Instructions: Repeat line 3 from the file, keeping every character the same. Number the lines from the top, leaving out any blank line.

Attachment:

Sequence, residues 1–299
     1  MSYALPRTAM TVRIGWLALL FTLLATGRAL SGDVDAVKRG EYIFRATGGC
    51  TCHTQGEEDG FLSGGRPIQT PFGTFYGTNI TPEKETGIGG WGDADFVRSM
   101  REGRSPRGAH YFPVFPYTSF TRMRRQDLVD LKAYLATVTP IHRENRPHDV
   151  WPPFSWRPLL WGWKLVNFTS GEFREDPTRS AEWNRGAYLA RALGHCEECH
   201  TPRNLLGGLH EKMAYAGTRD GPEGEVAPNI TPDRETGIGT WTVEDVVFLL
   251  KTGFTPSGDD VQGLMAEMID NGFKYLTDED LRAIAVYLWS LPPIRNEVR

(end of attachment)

    51  TCHTQGEEDG FLSGGRPIQT PFGTFYGTNI TPEKETGIGG WGDADFVRSM